I found absorption! (you may not have realized it was missing)
In doing the heavy listing of again parsing the major Manhattan real estate market quarterly reports I found what I believe is the answer to a small but annoying MLG mystery. Very close readers will recall that on February 23 I lamented that Corcoran does not define "absorption" as used in describing inventory trends, but that I thought that its reporting partner, Property Shark, did, though I was unable to find it on the Shark’s website or reports. It seems that I mis-remembered, as I see "absorption" defined by StreetEasy (on p2 of 15): "Absorbed listings refer to listings that have either entered into contract or have been taken off the market". I have to assume that Corcoran uses the same definition, but this usage strikes me (again) as odd.

As I discussed with Ms. Song on the phone, I just don’t think it at all useful to lump together two very different market reactions to a listing in this way. In one case, The Market loves a listing (those that go into contract); in the other case, the seller reacts to something (to the way The Market ignores the listing, or to changed circumstances, or to in-laws invading for a few weeks, or to something else) by withdrawing it from The Market. In both situations, you can’t buy it today, but so what? That mere similarity is not interesting to me.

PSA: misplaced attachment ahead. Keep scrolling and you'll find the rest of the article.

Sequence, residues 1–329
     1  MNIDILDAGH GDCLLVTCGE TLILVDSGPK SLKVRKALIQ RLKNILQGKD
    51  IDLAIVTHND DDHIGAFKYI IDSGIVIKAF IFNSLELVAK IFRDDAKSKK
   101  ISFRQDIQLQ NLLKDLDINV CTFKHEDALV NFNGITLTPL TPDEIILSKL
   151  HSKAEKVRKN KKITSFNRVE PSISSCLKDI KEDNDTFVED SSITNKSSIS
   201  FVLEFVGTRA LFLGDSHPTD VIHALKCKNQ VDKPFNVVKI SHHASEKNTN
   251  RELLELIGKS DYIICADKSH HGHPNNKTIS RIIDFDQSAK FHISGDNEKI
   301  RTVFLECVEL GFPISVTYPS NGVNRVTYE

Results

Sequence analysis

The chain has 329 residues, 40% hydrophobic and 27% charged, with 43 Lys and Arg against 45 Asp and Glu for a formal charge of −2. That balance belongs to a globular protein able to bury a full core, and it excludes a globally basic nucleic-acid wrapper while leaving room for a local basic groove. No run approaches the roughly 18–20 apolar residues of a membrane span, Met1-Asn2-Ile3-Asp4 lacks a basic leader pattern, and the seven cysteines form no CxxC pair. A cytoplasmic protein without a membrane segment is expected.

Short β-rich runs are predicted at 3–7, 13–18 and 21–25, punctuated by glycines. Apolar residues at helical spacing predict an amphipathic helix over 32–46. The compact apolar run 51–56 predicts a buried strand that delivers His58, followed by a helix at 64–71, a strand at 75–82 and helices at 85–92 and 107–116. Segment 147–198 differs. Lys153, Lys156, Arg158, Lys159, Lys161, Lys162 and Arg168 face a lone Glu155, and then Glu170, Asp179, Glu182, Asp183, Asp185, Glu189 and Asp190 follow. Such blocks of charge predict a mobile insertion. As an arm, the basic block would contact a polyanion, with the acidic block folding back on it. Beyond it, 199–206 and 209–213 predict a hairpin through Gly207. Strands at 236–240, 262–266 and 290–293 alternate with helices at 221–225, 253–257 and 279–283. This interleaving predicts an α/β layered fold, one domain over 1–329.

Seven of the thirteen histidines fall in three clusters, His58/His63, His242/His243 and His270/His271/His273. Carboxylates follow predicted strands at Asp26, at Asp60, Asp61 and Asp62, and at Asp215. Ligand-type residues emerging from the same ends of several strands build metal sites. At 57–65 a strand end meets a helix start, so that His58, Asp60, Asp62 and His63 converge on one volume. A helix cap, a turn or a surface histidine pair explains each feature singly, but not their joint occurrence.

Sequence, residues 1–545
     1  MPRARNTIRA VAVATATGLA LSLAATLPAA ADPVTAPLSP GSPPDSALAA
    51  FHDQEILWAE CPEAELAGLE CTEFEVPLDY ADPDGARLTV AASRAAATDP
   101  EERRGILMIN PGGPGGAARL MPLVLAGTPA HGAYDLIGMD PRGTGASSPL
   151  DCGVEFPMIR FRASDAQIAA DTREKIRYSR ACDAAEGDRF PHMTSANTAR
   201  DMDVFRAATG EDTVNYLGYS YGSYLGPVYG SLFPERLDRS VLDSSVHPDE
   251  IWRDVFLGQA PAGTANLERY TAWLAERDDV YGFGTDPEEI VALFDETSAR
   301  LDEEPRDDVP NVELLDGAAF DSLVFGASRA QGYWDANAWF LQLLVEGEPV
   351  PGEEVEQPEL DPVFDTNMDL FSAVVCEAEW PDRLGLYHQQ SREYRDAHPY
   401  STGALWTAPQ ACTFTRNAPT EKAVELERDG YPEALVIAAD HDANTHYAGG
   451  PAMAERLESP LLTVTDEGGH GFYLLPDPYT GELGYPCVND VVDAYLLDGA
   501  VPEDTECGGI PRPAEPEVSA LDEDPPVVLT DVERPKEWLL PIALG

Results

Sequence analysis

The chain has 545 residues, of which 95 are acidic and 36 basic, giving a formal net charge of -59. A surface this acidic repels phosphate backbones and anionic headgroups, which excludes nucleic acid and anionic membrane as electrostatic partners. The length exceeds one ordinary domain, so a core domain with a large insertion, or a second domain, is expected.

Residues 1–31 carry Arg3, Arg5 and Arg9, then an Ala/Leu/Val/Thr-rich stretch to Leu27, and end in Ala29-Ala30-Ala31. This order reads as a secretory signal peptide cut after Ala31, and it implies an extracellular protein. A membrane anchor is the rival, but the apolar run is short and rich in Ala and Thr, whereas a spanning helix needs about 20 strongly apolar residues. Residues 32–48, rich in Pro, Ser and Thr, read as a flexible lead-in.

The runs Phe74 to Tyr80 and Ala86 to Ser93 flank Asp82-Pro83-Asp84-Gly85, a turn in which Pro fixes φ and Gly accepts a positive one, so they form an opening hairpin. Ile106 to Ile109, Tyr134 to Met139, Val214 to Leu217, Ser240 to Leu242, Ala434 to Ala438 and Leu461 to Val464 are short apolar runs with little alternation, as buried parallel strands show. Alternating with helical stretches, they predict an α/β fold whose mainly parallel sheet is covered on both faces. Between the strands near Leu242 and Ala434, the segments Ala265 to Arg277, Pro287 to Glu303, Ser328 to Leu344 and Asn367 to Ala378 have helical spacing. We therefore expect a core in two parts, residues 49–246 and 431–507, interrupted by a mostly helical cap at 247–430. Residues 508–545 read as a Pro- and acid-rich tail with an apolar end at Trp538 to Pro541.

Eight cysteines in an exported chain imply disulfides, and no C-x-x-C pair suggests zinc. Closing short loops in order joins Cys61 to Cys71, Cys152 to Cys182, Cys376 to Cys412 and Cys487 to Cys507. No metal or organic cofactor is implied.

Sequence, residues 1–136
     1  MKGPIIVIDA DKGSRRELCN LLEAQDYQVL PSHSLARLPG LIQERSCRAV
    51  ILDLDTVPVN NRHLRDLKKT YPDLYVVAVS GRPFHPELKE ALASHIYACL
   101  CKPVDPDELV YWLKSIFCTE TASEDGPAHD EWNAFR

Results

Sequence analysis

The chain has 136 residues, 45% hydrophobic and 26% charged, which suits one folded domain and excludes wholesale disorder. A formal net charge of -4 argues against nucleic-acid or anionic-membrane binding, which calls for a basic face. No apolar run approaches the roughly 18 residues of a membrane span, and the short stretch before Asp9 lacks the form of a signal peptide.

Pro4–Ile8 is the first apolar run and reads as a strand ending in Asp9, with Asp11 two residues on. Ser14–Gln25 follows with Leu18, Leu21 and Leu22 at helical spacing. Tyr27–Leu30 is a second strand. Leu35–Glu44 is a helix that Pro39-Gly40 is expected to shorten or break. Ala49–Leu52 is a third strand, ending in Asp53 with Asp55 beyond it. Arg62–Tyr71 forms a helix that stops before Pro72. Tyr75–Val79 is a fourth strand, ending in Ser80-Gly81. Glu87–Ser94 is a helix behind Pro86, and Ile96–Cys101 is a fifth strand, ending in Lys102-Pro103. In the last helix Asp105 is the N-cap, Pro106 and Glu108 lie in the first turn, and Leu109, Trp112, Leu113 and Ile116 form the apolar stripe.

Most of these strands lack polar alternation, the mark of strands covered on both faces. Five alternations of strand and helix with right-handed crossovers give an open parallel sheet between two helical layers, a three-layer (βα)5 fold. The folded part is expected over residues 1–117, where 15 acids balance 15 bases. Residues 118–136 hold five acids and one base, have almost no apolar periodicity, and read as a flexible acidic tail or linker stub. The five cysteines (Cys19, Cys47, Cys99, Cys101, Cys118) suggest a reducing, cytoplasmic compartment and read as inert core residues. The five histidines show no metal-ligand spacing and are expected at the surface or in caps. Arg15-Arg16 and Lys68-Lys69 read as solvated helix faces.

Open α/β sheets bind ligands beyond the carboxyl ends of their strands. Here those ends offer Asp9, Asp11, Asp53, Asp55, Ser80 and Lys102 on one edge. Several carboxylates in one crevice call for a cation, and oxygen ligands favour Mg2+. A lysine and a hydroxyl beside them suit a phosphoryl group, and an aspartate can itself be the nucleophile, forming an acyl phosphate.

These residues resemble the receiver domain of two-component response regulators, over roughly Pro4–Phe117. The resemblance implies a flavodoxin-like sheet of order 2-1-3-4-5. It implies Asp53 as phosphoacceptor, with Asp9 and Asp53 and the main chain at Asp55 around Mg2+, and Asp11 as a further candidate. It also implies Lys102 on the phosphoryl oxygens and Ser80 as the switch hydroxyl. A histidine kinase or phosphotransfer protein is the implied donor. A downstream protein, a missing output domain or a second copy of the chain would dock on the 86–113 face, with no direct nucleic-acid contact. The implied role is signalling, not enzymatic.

I concede that there might be some interest in tracking the Off The Market listings over time, but only if that is separately broken out.

This is a small point that I probably would have suppressed — except that I previously stated that the term was defined in Property Shark. I am pretty certain that the only place I have seen it defined is StreetEasy.

Will stop here (you’re welcome!), as this has dragged on way too long.

© Sandy Mattingly 2010


Tagged with: , , , , , ,

Leave a Reply